Read Page's full post and Motorola's release at the source links below.

Source: Google; Motorola

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4 years ago

David Beckham and the Galaxy Note get official

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In case you missed the leaked version last week.

(And I could totally do that.)

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4 years ago

Carphone Warehouse to offer early collection for Galaxy S III pre-orders

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When Samsung announced the early launch for the Galaxy S III at its own store in London, it also said it'd allow other retailers to open an hour later. Today we have confirmation that at least one major UK retail chain plans to do just that -- Carphone Warehouse sends word that it'll offer collection for pre-order customers in "select stores," at 7pm next Tuesday, May 29. No word on which stores will be running the promotion, so you'll probably want to call in and ask to avoid disappointment.

Carphone also hailed the Galaxy S III as the "fastest-selling pre-order of 2012," which if nothing else shows that it's outpacing HTC's One series in the pre-order stakes. The retailer adds that over 800 of its stores will stock the S III from its UK official launch date of May 30.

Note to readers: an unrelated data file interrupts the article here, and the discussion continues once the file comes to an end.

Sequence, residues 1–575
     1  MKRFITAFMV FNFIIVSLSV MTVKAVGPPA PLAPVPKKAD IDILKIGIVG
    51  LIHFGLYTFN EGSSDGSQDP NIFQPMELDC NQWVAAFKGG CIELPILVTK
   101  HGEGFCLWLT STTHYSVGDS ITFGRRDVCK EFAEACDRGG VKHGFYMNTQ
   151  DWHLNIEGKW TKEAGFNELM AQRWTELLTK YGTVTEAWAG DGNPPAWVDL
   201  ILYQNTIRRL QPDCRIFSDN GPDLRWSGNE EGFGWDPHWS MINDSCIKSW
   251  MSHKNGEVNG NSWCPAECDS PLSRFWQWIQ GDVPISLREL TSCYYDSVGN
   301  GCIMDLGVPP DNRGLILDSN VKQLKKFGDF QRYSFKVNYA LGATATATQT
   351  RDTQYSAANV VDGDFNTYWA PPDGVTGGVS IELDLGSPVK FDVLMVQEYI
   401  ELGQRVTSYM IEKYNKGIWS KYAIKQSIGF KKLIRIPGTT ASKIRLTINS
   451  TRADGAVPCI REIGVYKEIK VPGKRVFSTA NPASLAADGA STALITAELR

Are you picking up a launch day Galaxy S III? Planning on collecting yours the day before everyone else? Let us know in the comments! (Also check out our exhaustive launch day coverage)

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4 years ago

Three UK launches Samsung Galaxy Ace 2

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Three UK continues its barrage of mid-level Android handsets with today's launch of the Galaxy Ace 2 from Samsung. The Ace 2 is, unsurprisingly, the successor to last year's Galaxy Ace, which saw success among entry-level and mid-range buyers in Europe. The new version rocks a 3.8-inch WVGA display, an 800MHz dual-core CPU, a 5MP camera and TouchWiz'd Android 2.3 Gingerbread. So aside from a few differences with screen size and display tech, it's a similar deal to the Galaxy S Advance, which we recently reviewed.

Three's offering the Galaxy Ace 2 for £229.99 SIM-free, or for free on two-year contracts starting at £22 per month. Cheaper monthly plans, which include an up-front fee, start at £15 per month.

More: Three UK

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4 years ago

Late-night poll: Texting and driving

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This one comes from Cory, who happens to be shopping for new car insurance. While deciding how much coverage he should buy, he brought up the question of other folks texting and driving. He is worried just how many people still do it, even though everyone knows they shouldn't, it's illegal damn near everywhere, and it's a good way to cause some serious harm to yourself or others. We're hoping that very few of you guys will say yes in tonight's poll -- we'll all be safer that way and Cory can save a little money.

Do you ever text and drive?

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4 years ago

S-Voice isn't another Siri, EVO 4G LTE [From the Forums]